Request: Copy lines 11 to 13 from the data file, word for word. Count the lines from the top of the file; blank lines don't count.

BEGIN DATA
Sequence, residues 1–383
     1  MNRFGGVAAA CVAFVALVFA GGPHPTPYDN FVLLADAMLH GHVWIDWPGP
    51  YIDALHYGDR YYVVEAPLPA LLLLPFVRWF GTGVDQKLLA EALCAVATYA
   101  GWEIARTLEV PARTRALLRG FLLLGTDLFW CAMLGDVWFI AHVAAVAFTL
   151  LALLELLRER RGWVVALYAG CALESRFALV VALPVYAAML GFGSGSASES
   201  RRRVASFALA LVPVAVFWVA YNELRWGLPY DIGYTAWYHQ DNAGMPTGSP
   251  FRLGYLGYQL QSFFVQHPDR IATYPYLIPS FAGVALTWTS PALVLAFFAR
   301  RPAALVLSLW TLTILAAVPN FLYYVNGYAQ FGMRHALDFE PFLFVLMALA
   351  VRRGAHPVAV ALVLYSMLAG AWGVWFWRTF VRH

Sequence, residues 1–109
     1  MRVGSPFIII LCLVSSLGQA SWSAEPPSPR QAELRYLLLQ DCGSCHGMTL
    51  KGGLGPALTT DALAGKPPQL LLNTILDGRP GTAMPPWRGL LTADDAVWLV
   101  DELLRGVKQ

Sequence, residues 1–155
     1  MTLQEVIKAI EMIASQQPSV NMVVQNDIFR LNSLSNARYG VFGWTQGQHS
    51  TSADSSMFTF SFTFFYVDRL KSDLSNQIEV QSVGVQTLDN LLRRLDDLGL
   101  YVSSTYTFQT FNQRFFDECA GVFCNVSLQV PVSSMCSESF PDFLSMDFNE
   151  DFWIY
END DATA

     1  MRVGSPFIII LCLVSSLGQA SWSAEPPSPR QAELRYLLLQ DCGSCHGMTL
    51  KGGLGPALTT DALAGKPPQL LLNTILDGRP GTAMPPWRGL LTADDAVWLV
   101  DELLRGVKQ